Positive displacement flow meters can be used in a variety of industries. Some common applications include:
- Oil and gas
- Chemical and petrochemical transport
- Water and wastewater treatment and infrastructure
- Food and beverage manufacturing
Such types of mechanical flow meters are also useful for batching, lubrication oil blending and hydraulic test stands.
Calibrating Positive Displacement Flow Meters
Calibration is an important component of flow meter maintenance. A well-calibrated flow meter provides accurate readings and helps operators keep the system running efficiently. Though calibration procedures for gas and liquid flows follow the same underlying principles, the methods for calibration are different. For liquid applications, there are various ways to calibrate a positive displacement flow meter such as:
- Standing start and stop method, also known as the bucket and stopwatch method
- Flying start and stop method
- Dynamic methods that calibrate during continuous flow conditions
To calculate the volume and mass of collected liquid during the calibration procedure, either gravimetric calibrators or volumetric calibrators are used.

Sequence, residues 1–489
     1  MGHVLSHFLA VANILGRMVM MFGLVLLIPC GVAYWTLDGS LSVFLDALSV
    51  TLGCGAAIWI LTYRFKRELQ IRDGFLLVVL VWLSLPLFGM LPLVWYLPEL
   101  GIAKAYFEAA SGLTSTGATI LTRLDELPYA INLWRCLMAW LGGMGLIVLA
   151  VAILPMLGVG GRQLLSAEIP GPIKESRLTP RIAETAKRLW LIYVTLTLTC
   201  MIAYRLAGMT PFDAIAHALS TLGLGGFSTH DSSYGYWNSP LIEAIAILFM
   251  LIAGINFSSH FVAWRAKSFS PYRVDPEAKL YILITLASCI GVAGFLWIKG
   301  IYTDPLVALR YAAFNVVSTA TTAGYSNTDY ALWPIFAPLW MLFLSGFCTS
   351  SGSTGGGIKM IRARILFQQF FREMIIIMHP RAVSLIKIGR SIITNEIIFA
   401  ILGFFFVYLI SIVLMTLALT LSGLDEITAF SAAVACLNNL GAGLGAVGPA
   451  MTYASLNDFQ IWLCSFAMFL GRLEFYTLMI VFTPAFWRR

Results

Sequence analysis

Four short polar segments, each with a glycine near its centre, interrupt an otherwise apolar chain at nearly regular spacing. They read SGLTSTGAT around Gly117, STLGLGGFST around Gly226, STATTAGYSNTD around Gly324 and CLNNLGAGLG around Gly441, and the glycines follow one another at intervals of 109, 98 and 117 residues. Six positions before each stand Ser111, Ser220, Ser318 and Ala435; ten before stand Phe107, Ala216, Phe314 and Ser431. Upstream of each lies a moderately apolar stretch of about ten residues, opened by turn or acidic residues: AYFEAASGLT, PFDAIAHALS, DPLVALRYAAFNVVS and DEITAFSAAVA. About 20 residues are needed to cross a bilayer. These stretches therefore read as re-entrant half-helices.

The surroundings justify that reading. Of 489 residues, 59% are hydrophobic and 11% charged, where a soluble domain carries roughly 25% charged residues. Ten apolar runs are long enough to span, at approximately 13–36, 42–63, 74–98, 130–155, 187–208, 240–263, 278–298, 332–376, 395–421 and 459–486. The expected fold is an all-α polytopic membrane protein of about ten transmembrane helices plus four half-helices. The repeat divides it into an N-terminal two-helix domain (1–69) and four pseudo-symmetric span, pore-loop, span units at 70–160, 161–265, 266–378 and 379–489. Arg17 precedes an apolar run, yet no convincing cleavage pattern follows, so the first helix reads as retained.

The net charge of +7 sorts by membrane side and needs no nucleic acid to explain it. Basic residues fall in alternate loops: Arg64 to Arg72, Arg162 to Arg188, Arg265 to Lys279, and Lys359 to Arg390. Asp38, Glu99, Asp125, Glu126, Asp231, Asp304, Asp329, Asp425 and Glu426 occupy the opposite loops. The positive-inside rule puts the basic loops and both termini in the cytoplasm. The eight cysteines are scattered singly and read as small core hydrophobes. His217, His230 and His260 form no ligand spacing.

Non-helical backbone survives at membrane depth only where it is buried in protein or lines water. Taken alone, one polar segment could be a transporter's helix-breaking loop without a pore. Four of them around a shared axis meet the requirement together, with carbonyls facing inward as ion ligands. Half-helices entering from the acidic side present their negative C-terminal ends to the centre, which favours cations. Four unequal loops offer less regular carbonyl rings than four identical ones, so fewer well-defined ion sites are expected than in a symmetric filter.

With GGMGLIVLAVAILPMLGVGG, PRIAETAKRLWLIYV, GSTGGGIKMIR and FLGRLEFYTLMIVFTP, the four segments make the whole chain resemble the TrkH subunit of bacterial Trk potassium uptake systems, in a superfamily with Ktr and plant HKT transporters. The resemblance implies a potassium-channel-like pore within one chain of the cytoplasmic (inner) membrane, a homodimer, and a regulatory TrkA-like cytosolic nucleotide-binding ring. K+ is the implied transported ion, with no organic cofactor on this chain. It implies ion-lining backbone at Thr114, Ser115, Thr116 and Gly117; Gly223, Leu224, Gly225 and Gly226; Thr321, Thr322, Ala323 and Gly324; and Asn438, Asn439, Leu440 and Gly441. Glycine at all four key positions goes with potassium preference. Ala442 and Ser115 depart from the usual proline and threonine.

Other types of calibration devices can be installed along the pipeline to measure the flow meter performance in-situ. For example, pipe provers can be installed in sealed pipelines to measure the accuracy of the flow meter without interrupting the process. This is a dynamic calibration that continuously compares the flow meter measurement to a standard.
Gas applications require different calibration methods due to the compressibility of the fluid. Examples of gas calibration methods include:
- Prover methods, which work like pipe provers for liquid applications
- Gas displacement methods
- Sonic nozzle methods, which use a Venturi-style nozzle to determine flow accuracy
Tracer methods are also commonly used for both liquid and gas applications when provers cannot be installed and the flow meter cannot be removed from the system.
Professional Calibration Services
Though calibration should be incorporated as part of regularly scheduled instrumentation maintenance, it is difficult to determine the best frequency of calibration. Therefore, it is helpful to hire a third-party who specializes in flow meters and flow meter calibrations to determine a schedule that it appropriate for each system.
Professional flow meter calibration services use advanced methods to more accurately determine the performance of flow meters. Such professionals are knowledgeable about the tolerance levels for each type of flow meter and can identify and interpret errors in the calibration procedure. They can also help identify system issues from the calibration results. For example, calibration data may indicate leaks or damaged internal components that need to be replaced. Professional services can also look at the history of calibration to identify significant system changes or make recommendations based on changes to the characteristics of the flow.
Overall, positive displacement flow meters last for many years when the right flow meter is chosen for the application, proper flow conditions are maintained and the flow meter is calibrated at regular intervals.